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Indian mortgage glass half-empty in 2007

NEW YORK - 2007 was not a banner year for news about mortgages made to American Indians. According to government numbers released in August, the total dollar volume of loans made to Indians and the number of lenders willing to extend credit to Native people fell for 2006, with Indians in danger of being lapped by loans to the much smaller Native Hawaiian contingent.

Not only that, but the subprime mortgage crisis shuttered several of the top lenders to Indians, cutting off credit access that was a two-edged sword, as some of these subprime lenders were accused of predatory lending practices toward Natives.

The subprime mortgage crisis claimed a respected tribal mortgage program when its parent abruptly closed during the liquidity meltdown that has plagued the mortgage industry this year. The closure of GreenPoint Mortgage, Novato, Calif., also shuttered TribalPOINT, an active private-firm mortgage outreach to Indians.

TribalPOINT, started in 2003, extended private mortgages to Indians under the HUD 184 and Rural Housing Services programs, as well as through private mortgages.

The Department of Housing and Urban Development's Section 184 program, which guarantees 100 percent of lender outlays on mortgages to American Indians, continues to be a success story, but it is one of the few bright spots.

The HUD 184, according to the agency's Web site, has guaranteed more than 5,500 loans to Indians both on- and off-reservation, with the biggest state participation in the program coming in Oklahoma, Alaska, California and Arizona.

Oklahoma leads the roll of states, at 1,685 loans as of Dec. 10, according to HUD. It is followed by Alaska at 575 HUD 184s, with Arizona right behind at 572. California, with 386 loans, is next, followed by Wisconsin at 361. Indiana and Missouri share the lowest number of HUD 184s, at one apiece.

In all, HUD 184 loans have been extended in 31 states, and more than 200 tribes are now eligible to participate in the program.

The federal government's 2006 Home Mortgage Disclosure Act numbers (released in 2007) show a steep year-to-year decline in lending to American Indians and Alaska Natives, who are gathered into one group. A sort of this category showed $22.1 billion in lending, down from $27 billion in 2006. That's a drop of nearly 20 percent in a year. And at about a .6 percent share of a total of $3.8 trillion, that's well below Indian representation in the population.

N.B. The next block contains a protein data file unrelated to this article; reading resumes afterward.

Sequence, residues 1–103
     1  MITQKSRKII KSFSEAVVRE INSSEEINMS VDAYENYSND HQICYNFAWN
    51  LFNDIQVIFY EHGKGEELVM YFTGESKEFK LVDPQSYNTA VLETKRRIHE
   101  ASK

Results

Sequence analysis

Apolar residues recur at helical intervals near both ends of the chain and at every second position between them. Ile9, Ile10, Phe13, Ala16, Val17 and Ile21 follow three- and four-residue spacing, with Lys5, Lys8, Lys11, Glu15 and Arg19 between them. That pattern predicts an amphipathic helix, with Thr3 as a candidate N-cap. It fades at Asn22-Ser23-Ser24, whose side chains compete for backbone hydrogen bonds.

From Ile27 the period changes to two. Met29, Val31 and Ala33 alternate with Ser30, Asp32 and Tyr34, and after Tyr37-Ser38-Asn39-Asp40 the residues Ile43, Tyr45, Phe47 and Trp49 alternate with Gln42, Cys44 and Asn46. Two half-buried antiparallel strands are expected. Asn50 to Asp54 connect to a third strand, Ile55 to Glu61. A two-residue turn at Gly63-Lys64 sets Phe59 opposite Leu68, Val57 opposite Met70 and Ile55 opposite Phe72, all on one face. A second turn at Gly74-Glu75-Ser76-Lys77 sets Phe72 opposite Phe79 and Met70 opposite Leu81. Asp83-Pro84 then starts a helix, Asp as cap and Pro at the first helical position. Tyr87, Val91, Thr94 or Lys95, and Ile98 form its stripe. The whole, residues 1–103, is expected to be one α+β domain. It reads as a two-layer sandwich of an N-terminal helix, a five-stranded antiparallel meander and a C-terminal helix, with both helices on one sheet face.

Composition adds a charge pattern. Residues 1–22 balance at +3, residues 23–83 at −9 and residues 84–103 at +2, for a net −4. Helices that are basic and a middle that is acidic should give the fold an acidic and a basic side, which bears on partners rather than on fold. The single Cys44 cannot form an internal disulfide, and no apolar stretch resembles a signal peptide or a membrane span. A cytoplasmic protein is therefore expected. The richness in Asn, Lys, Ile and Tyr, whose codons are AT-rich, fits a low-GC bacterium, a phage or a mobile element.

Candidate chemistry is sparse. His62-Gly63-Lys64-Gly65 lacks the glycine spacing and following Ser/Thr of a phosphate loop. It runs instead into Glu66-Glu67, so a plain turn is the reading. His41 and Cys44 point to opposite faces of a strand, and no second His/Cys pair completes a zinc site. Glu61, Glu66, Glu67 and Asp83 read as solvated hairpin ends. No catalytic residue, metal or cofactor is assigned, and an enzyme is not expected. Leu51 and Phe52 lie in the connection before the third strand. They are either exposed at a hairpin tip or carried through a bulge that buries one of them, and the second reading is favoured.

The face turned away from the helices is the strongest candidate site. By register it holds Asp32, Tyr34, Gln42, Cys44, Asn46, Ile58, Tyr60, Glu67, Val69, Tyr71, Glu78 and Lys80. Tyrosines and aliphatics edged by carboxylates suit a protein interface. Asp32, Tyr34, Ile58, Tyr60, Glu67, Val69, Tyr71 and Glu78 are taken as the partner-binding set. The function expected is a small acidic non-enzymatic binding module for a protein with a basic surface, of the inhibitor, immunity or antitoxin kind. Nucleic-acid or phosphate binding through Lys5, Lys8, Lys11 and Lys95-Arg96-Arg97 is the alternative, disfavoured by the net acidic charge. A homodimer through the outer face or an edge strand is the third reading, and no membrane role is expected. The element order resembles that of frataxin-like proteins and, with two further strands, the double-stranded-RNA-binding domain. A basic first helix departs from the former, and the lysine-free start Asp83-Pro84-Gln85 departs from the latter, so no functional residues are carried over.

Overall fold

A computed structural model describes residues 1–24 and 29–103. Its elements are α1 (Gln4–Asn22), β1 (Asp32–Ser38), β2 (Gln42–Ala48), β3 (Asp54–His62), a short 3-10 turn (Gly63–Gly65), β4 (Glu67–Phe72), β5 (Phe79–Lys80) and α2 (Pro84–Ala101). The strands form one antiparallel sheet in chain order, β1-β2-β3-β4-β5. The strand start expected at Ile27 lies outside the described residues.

The number of lenders who reported making loans to Indians also fell from 2005 to 2006, by about 100 lenders, to 3,435. The number of firms reporting loans to Native Hawaiians also dropped by about 100 firms, to 2,614.

Lending to Native Hawaiians, a much smaller group in numbers, outstripped lending to American Indians, at $29.5 billion last year, according to HMDA.

However, that number is most likely wrong. Native Hawaiians were just separated from the ''Asian'' category three years ago and there may still be some confusion there. In addition, one lender reported making more than $6 billion in lending to Native Hawaiians, and that looks like a data error. It's more than twice as much made by any other lender, and the reporting lender wasn't even in the top 10 in the category in 2005.

When lenders do reach out to Native people, the specter of predatory lending always seems to be hovering nearby. In 2006 and 2007, at least seven lenders were accused of unfair lending practices on Native reservations, and two of them settled the charges.

Two of the top 10 lenders to Indians in 2006 failed in 2007. Besides GreenPoint Mortgage, which had a Native volume of $370 million, New Century Mortgage, Irvine, Calif., which made $474 million in loans to Indians during 2006, was also a casualty of the subprime downturn.

Even with occasionally unsavory subprime lenders knocking on their doors, Indians clearly continue to be underserved for mortgages, even where they have the greatest heft, population-wise. Consider the state of New Mexico, where 11 percent of the population is American Indian, according to the 2000 Census. Locally based lenders made $14.4 billion in mortgages in New Mexico last year, according to HMDA data, but just $24 million of that went to Indians. That's less than 2 percent.

As with all HMDA data, a few caveats need to be made. The volume does not include mortgages made in New Mexico by out-of-state lenders, nor by in-state branches affiliated with out-of-state lenders. Still, it's not a great showing.